Loch Awe in spring - Photo courtesy of Neil Donald Photography






Friday, 22 April 2016

It's Behind You!

When I wrote my introductory post, someone - Rae? - said they would like to hear more about the pantomimes. This came back to me the other day while I was sitting having my nails done (Shellac. Marvellous stuff) and a discussion began among the beauty operatives (!) about their favourite Disney films. One was saying that her daughter couldn't understand why people wanted to watch people being cruel to one another. Now, it's always been my understanding that children loved a bit of cruelty and a good ol' baddy to boo. What came out of the conversation, in which, of course I just HAD to join, was that all of these young women had no knowledge of the original stories. "Didn't you ever go to pantomimes?" I asked. "Well, yes," they said. "Well, they are nearer to the original stories than Disney is," I told them. They were bemused. Disney is obviously the oracle.

But we all know - don't we? - that the original panto stories are the themes for an awful lot of literature - genre and literary. The wicked stepmother, the abandoned child, the quest... in fact, pantomime is in general done a disservice by popular opinion, which dismisses it as fluff, and rather tacky fluff, at that. My take is rather different. One of the great truths of pantomime is that Good MUST triumph over Evil. These days, the baddy gets off rather more lightly than in the past, but they are still vanquished. Children absorb this truth along with their ice creams at the interval, and, as it is frequently the first live theatre to which children are exposed, it must be done well. Admittedly, they are more used to small screen watching these days, something made clear to me several years ago when a little voice in the auditorium piped up "Can you press pause, Mummy?" Caused a riot. But, year after year, children go to the pantomime and are uproarious in their appreciation.

So, they are a joy to write, perform in and direct, even though directing a full scale panto in a modern theatre is more than a full scale job. And they are a great discipline to master if you are intending to become a novelist. When I began writing them it was because I had been acting in them and directing them for some time, and I decided I wanted to use my own scripts, something most Panto Production companies do. I had no idea I was going to become a novelist. Jolly good training for dialogue, though, writing for the stage.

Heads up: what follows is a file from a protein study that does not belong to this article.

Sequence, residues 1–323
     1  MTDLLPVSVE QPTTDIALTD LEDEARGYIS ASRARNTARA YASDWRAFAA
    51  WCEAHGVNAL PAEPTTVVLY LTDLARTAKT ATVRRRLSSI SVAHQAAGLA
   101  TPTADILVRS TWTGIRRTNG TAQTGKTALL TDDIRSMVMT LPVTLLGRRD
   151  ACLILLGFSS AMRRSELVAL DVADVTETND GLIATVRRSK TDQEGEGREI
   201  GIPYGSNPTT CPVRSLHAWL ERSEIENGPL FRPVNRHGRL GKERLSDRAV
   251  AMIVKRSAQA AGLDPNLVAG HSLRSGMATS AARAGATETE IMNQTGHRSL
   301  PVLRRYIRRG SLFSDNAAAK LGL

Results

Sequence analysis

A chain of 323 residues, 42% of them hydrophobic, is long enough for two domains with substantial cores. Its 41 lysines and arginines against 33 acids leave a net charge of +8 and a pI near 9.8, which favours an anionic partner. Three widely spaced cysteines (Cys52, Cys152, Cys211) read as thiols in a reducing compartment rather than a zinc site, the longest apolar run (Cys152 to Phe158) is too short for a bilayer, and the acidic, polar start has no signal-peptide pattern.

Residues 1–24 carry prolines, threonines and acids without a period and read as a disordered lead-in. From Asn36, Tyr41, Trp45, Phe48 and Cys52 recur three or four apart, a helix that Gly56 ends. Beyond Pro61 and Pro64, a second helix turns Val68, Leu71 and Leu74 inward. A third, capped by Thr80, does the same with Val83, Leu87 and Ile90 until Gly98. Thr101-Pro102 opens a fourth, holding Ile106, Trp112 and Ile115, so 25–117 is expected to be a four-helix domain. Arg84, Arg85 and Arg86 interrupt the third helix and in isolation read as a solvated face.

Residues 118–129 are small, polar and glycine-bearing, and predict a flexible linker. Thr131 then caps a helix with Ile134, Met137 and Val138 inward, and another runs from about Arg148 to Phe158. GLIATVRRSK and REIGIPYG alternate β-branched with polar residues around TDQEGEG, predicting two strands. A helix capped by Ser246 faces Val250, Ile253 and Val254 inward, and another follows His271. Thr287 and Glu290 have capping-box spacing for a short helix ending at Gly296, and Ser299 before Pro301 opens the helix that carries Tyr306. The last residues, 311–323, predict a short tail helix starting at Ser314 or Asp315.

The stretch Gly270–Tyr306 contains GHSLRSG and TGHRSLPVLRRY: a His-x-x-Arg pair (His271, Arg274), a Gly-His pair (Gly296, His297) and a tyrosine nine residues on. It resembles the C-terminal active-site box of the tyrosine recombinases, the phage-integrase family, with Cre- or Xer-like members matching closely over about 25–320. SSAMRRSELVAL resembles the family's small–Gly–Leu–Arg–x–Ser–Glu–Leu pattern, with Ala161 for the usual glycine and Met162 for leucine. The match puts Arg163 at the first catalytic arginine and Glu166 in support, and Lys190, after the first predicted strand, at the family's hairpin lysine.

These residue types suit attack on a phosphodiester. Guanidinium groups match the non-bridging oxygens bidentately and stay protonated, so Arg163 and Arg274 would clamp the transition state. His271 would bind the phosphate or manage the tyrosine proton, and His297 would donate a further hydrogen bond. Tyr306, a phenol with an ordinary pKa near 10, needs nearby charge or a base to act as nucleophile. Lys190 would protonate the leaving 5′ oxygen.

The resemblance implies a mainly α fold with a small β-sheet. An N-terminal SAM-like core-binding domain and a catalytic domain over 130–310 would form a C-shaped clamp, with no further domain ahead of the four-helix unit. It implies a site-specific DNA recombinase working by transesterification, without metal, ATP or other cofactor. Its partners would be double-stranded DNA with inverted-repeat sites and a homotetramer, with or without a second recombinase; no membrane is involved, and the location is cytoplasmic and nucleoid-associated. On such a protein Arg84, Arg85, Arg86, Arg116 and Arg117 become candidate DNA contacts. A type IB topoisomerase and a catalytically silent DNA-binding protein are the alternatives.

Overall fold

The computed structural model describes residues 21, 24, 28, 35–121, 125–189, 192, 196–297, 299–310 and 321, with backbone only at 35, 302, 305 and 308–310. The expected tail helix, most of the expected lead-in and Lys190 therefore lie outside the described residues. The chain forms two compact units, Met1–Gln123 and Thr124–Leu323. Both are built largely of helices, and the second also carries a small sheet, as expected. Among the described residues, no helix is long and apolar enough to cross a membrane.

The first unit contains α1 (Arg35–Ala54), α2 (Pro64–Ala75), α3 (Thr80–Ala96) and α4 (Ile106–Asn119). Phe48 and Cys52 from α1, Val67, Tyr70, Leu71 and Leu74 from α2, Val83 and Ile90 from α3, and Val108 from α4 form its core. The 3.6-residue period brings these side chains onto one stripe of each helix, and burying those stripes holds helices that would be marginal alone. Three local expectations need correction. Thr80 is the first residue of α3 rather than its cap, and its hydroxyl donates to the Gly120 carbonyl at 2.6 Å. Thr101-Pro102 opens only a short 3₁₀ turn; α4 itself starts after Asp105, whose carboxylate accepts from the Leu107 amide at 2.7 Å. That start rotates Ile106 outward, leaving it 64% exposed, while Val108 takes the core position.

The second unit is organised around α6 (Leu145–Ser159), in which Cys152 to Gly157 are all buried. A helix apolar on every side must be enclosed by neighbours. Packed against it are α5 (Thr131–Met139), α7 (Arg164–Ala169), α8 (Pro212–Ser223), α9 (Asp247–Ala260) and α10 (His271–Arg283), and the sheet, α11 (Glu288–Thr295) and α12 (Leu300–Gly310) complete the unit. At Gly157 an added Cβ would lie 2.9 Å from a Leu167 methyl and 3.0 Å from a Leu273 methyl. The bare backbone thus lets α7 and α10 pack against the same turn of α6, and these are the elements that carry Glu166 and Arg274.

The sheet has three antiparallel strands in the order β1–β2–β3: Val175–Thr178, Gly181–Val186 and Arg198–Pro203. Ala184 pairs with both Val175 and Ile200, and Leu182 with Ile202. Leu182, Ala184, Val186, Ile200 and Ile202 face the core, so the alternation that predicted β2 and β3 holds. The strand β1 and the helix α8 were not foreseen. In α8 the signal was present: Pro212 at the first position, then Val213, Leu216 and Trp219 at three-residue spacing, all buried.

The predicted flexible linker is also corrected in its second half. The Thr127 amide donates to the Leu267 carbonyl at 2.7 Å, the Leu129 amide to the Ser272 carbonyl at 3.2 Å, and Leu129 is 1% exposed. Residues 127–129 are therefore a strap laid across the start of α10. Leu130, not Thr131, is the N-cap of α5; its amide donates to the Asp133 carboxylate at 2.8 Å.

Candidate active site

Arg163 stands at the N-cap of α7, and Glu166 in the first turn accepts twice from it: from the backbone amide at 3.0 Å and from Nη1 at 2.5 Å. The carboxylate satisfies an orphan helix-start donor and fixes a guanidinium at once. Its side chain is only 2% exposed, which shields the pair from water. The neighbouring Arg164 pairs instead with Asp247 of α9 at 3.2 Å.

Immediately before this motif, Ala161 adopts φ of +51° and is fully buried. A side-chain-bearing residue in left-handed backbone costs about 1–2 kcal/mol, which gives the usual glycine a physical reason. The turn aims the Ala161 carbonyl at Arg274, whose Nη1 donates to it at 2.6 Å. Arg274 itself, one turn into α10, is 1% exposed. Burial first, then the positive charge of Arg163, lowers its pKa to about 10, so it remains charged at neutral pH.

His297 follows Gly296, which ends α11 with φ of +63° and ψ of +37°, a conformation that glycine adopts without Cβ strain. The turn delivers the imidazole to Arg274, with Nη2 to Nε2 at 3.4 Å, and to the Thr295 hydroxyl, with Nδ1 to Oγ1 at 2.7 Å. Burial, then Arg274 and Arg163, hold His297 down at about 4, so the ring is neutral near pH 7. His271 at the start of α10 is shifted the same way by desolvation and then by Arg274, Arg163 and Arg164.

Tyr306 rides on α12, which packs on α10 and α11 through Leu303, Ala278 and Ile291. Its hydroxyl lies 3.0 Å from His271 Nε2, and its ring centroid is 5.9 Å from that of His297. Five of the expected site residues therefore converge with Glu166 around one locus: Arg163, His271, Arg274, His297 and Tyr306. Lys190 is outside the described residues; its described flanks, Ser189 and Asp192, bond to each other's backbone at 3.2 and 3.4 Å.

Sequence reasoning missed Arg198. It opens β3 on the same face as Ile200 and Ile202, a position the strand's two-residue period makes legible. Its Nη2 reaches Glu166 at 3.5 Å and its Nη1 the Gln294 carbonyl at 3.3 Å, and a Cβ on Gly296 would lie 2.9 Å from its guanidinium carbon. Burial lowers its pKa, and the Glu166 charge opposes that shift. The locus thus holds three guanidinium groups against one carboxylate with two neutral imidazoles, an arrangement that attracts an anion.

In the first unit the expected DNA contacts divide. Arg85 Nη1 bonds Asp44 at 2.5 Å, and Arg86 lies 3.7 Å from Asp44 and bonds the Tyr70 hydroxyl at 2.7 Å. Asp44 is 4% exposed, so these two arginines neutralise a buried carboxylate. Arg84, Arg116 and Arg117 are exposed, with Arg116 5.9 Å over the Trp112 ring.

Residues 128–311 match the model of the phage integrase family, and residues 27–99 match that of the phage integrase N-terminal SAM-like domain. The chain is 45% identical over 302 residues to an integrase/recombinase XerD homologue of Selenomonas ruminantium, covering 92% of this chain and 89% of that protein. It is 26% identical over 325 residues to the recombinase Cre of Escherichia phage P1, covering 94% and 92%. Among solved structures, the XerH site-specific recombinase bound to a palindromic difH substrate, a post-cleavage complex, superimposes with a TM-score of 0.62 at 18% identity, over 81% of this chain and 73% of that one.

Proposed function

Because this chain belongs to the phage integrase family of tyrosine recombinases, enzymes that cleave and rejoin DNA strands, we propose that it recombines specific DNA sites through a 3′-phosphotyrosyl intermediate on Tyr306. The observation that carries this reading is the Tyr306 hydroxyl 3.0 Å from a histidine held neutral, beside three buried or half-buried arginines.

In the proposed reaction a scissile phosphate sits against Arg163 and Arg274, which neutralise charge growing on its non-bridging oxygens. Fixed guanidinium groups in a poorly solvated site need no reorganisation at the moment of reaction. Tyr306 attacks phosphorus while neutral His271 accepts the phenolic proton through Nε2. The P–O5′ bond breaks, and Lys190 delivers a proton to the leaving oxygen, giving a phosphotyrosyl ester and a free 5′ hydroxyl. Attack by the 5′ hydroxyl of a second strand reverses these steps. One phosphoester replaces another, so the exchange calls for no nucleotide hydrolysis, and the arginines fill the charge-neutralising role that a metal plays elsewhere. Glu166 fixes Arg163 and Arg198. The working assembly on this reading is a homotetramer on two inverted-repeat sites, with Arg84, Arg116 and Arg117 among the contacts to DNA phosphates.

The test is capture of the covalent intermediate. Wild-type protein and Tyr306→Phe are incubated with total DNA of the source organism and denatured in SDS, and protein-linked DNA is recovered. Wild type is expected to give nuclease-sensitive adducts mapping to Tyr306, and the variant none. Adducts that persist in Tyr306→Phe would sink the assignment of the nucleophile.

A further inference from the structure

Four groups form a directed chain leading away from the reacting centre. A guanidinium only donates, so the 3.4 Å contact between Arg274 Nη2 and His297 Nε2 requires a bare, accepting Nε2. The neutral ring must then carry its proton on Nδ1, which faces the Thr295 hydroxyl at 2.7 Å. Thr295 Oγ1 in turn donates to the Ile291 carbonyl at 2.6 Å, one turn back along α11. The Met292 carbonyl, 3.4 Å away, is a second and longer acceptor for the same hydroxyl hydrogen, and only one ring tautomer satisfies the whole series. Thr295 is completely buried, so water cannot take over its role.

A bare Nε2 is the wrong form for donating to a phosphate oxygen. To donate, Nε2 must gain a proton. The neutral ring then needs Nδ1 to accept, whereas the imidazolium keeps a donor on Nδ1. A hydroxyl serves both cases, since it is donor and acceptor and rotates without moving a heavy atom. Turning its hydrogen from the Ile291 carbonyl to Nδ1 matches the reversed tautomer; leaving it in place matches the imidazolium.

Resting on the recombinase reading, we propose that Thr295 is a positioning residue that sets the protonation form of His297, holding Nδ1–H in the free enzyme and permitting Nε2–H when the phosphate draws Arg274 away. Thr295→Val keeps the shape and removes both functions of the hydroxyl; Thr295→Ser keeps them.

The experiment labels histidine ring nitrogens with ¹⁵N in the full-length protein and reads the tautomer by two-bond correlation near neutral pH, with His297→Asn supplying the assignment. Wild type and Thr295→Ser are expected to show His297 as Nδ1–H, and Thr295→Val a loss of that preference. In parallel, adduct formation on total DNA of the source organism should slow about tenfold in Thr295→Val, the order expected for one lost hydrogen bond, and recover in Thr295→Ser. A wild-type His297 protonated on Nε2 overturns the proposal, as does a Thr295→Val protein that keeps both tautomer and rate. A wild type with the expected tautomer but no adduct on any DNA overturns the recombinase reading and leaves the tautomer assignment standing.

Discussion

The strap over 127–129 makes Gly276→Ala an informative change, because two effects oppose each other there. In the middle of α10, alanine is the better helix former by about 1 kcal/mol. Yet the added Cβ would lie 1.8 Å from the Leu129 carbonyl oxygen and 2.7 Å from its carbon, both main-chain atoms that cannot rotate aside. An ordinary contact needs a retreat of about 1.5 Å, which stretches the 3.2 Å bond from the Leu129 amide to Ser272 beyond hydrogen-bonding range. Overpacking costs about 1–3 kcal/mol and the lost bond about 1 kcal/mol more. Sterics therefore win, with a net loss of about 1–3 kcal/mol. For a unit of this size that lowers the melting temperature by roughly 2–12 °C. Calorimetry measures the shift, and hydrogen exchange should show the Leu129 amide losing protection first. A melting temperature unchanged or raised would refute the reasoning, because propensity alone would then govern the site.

So there we are. And there's another reason theatre companies put on pantomimes. Here's how the great David Garrick put it at Drury Lane in 1750:
"But if an empty house, the actor's curse,
Shews us our Lears and Hamlets lose their force,
Unwilling, we must change the noble scene,
And, in our turn, present you Harlequin...
If want comes in, importance must retreat;
Our first great ruling passion - is to eat."

Which is why I'm up there at the top of the post with a green face (which never came out of the bedclothes), and, of course, why the very author of those Lears and Hamlets wrote so many of them. Happy anniversary Mr Shakespeare.

Lastly, although she didn't write them, she was the essence of good comedy, and what is pantomime but comedy? Not always good, admittedly, but comedy, nonetheless. So thank you and goodbye, Victoria Wood. I saw you live three times. You only saw me once, but I aren't 'arf proud of that.

4 comments:

  1. This was pure nostalgia for me ...... just the mention of the word 'pantomime'. As a child, it was my dear Aunt Frances's Christmas treat to my brother and me to go to the 'panto' (said in a very Welsh accent!) on the first Saturday after Christmas. We would have a box of Malteser's (how noisy they must have been!)to scoff as we watched. A choc ice was the treat in the interval. A couple of Christmas's ago I took my grandchildren to the pantomime, and goodness did they love it! Emily - four - loved the singing and the dancing. Alex - eight - got most of the double entrendres. And the upshot is ..... Emily has joined a young performers group and did her first show earlier this month. Pantomime will live on! Great post, Lesley.

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  2. Lovely post from which I've learnt things both about you and about panto, Lesley. Thank you!

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  3. Those green faces are magnificent, Lesley! I love pantomime for all the reasons you highlighted - but especially the fact that good triumphs over evil. Also great that pantomime manages to cater for all ages - something that as a member of the audience looks easy but I'm sure is a real skill for the writer to achieve. Thanks for sharing your experience. :-)

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